Some of us may think it’s not an easy conversation to have with our loved ones - yet being honest about our thoughts on donating our organs is so important, as Londonderry woman Suzanne Duncan explains
Mother-of-two Suzanne Duncan delivers her message with simplicity and directness.
“All it takes it five simple words - ‘I want my organs donated’,” says the 41-year-old Londonderry woman.
And there are few people who know as much as she does that being brave enough to take that step and tell your family you are serious about donating your organs, can literally mean the difference between life and death for somebody.
In her situation, that someone was her courageous husband Andrew, who lost his fight with heart failure just three weeks ago - and less than eight weeks before Christmas.
The 38-year-old - who lived in the city’s Waterside area with his wife and their children Aimee, 15, and Robbie, 13 - was just 23 when he diagnosed with a hereditary condition called dilated cardiomyopathy. He had been on the waiting list for a heart transplant since 2011, but time ran out.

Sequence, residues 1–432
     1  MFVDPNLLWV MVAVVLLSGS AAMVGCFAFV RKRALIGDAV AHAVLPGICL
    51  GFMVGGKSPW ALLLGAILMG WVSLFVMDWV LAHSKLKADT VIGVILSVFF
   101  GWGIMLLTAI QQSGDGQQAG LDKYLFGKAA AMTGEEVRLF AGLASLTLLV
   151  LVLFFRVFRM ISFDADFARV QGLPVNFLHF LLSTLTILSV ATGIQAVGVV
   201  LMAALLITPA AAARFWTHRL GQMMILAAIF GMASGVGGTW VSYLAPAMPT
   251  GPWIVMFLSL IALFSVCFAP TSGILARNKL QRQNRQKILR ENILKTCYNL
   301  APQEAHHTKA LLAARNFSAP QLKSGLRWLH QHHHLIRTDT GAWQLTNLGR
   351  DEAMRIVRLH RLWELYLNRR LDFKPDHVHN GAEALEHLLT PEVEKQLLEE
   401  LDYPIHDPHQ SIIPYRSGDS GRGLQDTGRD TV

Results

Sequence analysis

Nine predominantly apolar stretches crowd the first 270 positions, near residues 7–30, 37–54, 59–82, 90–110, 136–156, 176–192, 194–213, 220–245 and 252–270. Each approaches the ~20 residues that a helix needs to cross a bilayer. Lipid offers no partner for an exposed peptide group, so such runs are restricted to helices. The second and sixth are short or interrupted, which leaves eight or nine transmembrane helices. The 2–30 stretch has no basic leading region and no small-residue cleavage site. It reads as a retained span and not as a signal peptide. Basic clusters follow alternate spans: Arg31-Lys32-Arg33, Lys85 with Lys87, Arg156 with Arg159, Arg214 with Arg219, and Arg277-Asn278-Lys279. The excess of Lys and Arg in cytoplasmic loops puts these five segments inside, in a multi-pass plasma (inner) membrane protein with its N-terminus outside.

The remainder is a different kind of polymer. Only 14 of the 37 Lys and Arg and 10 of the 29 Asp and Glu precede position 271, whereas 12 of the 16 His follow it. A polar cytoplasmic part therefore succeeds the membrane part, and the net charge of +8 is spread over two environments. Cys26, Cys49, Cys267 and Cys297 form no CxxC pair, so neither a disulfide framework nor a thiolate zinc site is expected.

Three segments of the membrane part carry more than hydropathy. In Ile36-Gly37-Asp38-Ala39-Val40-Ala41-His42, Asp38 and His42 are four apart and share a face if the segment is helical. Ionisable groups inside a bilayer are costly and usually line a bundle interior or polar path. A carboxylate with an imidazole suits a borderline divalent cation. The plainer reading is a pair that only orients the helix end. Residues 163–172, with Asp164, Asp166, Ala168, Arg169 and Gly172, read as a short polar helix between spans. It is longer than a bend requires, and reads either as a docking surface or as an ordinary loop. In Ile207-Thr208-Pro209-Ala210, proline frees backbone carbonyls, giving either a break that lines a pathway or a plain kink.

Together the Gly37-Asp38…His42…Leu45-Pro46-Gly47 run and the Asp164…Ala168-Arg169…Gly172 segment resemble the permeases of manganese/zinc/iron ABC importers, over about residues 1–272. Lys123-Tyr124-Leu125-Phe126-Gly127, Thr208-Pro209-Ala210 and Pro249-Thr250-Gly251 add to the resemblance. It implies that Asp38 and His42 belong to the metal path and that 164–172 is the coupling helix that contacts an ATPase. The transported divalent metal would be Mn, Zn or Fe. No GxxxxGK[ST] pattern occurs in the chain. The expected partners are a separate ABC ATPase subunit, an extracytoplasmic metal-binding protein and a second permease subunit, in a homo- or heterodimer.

Even more tragically, Andrew’s father also died from the condition, and his son and daughter have been identified as having the same heart condition gene, which means they could go on to develop it as well.
But brave Suzanne, who was Andrew’s full time carer right up until the moment he died in her arms on November 16, remains determined to campaign to urge people to tell their loved ones if they want to be donors, so that more organs can be readily available for people like Andrew.
“To people who haven’t thought about donating their organs - I would say, watch Andy’s video,” says Suzanne, referring to a video which Andrew made and can be viewed on YouTube. “See then what needing a heart does to you.”
Andrew formerly worked as a production operator in technology company Seagate. Then in 1999 he was diagnosed as having Crohn’s disease, and a year later, started displaying symptoms such as a “really fast heartbeat”, relates Suzanne.
Doctors said at once that he was suffering from dilated cardiomyopathy, a condition that enlarges the heart muscle and makes it weaker.
“We knew it was hereditary, but never did I think that Andrew was going to take it at 23,” admits Suzanne.”
The Duncans were told that a heart transplant was the only way to cure Andrew of his condition, and so began the waiting game. In the meantime, he was put on medication, and family life changed vastly. As Suzanne recounts, he was still able to do “bits and pieces around the house”, but he felt constantly tired, and doing ordinary things like playing a game of football with his son was not a possibility.